The Horizontal Gaze Nystagmus Test



     shutterstock_74617723-300x192The federal government came up with three standardized tests that all the scientific so-called experts thought were valid and reliable to prove if someone was intoxicated. The first one is HGN: Horizontal Gaze Nystagmus. Horizontal meaning just that, horizontal, gaze meaning they look into your eyes, nystagmus is the involuntary movement of your eyes, and there’s the old saying when they’d teach this to police officers, the eyes don’t lie. If your eyes jerked back and forth, they determined that there may be a level of intoxication.

    The way the test is given is that the police office will hold a pen or other stimulus 12 to 18 inches from your face. The officer has to give you precise instructions. He will start with the left eye. He will move the pen, and you are to follow the pen with your eyes, and if your eyes start to jerk back involuntarily before they get to your nose – that’s 45 degrees – that’s one clue. If your eyes without moving your head cannot equally track or equally follow the pen, that’s clue number two. The third clue is maximum deviation. That means when the pen requires your eye to go all the way to that side of your eye socket and it can’t stay there, and if it’s there and it jerks back and forth, it’s called maximum deviation nystagmus. Six clues, three for each eye.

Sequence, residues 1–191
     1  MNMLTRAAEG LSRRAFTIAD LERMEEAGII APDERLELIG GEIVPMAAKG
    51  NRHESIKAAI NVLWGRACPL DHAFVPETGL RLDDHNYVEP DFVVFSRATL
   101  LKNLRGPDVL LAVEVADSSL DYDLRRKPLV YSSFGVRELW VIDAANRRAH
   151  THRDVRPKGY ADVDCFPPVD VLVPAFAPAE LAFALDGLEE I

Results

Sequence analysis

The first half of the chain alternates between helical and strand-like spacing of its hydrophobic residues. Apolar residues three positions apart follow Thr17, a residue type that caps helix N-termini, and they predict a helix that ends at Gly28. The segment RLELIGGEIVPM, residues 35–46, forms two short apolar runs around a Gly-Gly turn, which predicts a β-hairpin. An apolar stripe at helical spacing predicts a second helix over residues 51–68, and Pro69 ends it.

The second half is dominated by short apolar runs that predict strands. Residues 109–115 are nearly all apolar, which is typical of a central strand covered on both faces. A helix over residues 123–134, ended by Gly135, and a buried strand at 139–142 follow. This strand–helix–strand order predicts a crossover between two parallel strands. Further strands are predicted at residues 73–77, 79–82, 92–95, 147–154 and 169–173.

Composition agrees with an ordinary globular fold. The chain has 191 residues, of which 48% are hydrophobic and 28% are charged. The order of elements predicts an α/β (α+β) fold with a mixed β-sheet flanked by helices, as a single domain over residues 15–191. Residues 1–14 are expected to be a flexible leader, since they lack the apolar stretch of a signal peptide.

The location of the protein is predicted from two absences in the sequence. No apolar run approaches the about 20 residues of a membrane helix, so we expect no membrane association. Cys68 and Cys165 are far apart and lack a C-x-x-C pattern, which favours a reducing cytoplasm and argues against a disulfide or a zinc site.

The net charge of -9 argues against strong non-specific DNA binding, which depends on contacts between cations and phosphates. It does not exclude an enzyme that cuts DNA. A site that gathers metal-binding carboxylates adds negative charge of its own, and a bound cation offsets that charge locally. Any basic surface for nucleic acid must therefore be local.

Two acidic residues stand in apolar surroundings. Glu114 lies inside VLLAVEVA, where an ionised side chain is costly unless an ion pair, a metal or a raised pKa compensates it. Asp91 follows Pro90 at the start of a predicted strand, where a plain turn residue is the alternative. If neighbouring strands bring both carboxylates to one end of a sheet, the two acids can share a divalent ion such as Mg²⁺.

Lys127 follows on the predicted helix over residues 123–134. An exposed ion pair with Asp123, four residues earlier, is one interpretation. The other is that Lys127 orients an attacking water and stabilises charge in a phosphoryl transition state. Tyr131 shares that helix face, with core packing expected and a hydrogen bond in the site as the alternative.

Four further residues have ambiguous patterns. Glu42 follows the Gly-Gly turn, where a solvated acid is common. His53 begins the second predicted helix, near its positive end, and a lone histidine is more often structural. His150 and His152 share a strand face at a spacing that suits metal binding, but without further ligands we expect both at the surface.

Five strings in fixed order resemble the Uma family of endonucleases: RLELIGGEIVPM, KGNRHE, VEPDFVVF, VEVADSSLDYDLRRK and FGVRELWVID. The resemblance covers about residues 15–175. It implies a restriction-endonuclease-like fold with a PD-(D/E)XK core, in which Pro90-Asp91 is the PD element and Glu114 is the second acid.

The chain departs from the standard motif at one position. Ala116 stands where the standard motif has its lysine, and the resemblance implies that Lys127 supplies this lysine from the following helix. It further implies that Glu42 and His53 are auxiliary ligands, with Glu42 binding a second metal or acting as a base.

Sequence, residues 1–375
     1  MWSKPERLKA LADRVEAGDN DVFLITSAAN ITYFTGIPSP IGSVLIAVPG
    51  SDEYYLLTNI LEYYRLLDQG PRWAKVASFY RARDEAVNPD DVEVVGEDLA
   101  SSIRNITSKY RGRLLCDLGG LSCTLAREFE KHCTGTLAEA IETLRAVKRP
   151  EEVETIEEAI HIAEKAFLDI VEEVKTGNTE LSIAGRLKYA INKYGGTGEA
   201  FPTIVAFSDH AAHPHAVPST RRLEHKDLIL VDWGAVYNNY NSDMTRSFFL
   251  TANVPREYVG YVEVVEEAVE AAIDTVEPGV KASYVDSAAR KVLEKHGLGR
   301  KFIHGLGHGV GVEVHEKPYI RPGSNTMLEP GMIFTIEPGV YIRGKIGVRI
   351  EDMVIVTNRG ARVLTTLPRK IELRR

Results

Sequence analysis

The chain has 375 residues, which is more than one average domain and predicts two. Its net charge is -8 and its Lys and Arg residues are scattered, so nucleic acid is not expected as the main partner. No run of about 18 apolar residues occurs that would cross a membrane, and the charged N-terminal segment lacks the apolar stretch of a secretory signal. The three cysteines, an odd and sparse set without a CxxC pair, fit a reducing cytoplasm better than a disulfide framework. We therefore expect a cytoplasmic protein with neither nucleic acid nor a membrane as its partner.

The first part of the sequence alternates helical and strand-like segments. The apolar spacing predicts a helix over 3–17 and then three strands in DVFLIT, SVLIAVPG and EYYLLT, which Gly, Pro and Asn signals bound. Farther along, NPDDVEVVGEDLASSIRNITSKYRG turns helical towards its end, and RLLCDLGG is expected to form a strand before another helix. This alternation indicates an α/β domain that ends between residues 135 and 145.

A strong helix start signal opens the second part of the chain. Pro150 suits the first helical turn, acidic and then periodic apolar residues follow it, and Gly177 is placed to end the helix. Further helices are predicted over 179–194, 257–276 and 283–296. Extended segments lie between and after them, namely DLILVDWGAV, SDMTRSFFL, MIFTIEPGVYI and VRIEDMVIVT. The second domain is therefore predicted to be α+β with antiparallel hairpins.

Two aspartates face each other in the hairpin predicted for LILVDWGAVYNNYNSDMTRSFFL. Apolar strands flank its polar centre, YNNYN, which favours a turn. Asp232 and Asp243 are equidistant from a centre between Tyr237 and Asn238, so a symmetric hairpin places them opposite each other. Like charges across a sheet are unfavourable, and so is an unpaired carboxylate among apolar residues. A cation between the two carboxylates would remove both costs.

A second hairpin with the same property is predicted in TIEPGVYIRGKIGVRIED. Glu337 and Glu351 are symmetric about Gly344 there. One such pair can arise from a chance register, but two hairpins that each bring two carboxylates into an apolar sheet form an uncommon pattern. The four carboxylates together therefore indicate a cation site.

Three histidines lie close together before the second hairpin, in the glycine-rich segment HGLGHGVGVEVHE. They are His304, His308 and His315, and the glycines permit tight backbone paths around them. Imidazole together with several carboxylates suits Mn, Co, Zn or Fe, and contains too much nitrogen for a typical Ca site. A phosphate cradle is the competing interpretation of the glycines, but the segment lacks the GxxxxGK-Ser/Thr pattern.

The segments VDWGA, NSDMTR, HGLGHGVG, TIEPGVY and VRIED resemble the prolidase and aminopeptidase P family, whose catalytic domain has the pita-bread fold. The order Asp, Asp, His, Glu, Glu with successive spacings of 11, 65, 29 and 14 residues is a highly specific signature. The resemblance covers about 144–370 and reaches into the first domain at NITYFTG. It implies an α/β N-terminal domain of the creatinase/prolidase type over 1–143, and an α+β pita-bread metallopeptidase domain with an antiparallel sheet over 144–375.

If you are given the Horizontal Gaze Nystagmus test to determine your level of intoxication, it is important to know that it is only 77 percent accurate so there is a possibility to contest it. There are also eye conditions that could make it so your eyes move that way all the time even when not taking the HGN test, which a police officer would not be able to verify.

    If you are in need of legal counsel in New York State, please feel free to contact Grunwald & Seman, P.C. and we would be happy to assist you. 

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